The summer after finishing undergrad, I thought nervously about spending most of my 20’s as a student. I was starting grad school in a few weeks and wasn’t sure when ‘real adult life’ would start for me. I knew going to grad school would be productive for my career, but what about my personal goals? Would I have to wait another six years before I had time to adopt a dog? Train for a marathon? Finally learn how to grocery shop and cook? (I’m still waiting for that one.)
The first couple years were hectic and as expected, I didn’t have much free time for my personal goals. After my second year, when I received my Master’s degree, I seriously considered dropping out. I had tried to survive graduate school using my undergraduate tactics of sleeping little and isolating myself from anything and anyone that wasn’t involved in whatever current deadline I was trying to meet. One deadline led to another deadline, so friends, sleep, and personal hobbies were taking a bow to enable me to meet my work demands. I was burnt out.
After reflecting on this last summer, I realized I needed to view graduate school in terms of long-term sustainability (there are still 3-4 years remaining!). I began carving out more time for myself and reviewing goals that I had mentally put off until the end of graduate school.
One of these goals was to adopt a dog. I didn’t think this would be possible in graduate school with the demanding schedule and less-than-desired salary. Nevertheless, I began to plan out finances and talk to my labmates, family, and friends about it. I figured out who would be willing to watch the dog when I went to conferences and whether my labmates would be ok with a dog in the office some of the time. I was still nervous about how it would affect my professional appearance, but sorting out the other logistics made having a dog in graduate school seem feasible.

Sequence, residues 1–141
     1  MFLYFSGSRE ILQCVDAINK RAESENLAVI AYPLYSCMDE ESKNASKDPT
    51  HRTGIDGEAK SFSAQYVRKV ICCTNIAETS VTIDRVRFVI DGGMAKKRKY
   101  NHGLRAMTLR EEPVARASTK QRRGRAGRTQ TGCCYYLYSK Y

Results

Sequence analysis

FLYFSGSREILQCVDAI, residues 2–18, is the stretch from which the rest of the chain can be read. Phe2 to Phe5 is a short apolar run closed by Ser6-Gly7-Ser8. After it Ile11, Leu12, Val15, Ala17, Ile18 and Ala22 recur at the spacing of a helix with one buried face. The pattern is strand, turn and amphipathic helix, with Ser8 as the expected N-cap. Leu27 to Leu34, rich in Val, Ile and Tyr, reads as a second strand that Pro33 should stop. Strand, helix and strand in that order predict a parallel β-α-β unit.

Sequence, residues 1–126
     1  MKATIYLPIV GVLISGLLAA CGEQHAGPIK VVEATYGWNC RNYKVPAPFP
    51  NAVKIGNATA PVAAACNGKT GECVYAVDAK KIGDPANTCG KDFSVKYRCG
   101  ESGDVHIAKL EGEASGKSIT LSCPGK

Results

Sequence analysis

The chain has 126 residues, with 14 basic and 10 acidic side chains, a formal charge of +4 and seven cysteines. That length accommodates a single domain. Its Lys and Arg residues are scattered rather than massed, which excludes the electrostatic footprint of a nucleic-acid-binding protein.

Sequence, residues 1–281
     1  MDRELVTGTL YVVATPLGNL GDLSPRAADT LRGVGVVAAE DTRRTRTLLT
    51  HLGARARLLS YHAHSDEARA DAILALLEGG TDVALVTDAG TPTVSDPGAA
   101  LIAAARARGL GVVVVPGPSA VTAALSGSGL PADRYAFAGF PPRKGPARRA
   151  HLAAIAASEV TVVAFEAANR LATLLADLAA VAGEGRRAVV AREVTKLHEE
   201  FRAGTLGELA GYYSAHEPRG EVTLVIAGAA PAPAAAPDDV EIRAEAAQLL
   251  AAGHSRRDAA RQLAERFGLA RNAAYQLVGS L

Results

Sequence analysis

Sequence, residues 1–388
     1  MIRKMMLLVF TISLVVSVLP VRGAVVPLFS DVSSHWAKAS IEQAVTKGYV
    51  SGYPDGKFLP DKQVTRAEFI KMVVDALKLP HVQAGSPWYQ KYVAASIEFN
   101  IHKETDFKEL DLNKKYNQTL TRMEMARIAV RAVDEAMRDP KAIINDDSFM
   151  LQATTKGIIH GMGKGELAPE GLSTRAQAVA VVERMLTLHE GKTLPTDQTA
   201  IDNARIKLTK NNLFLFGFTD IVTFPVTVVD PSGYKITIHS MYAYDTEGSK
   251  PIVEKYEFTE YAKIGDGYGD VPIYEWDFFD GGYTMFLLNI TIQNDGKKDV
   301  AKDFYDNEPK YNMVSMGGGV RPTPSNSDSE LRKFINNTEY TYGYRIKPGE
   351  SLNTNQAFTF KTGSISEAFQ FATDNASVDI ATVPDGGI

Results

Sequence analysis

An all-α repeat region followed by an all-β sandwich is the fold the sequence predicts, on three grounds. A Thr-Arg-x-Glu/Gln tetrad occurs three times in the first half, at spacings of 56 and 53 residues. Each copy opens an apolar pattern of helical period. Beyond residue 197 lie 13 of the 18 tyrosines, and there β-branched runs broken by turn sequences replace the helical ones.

The summer before my third year, I went through the adoption application process with Last Hope K9 Rescue. I started looking at adoptable dogs out of curiosity, but I wasn’t convinced I would actually adopt one. However, after seeing a photo of a Catahoula/Hound mix with two different colored eyes and reading her sweet description, I immediately became attached. I thought it was unlikely she was still available for adoption, but I emailed to inquire about her just in case. She was available!
My dog, Kaya, enjoying a lunchbreak outside at MIT.
The adoption agency set up an appointment for her to visit my apartment. During the visit, she came over to the couch where my boyfriend was sitting and “anchored”, as her foster family calls it, by putting her paw on his lap. Again and again, she kept offering us her paw to hold; there was no way I could say no to adopting her. I named her Kaya, named after Kaya toast from Singapore (where I grew up).
At 62 pounds, Kaya is not a small dog. She needs lots of exercise and attention, but she is a great companion. My weekday schedule has become more hectic with trying to fit in enough walks and dog park visits while working. I bring her into lab a few days a week, and she sleeps either under my desk or on our lab couch. We play fetch in one of the MIT green spaces during lunch. Other days, I hire a dog walker to come to my apartment during lunch. In the mornings and evenings, we go to our local dog park or the Paul Revere Landing Park.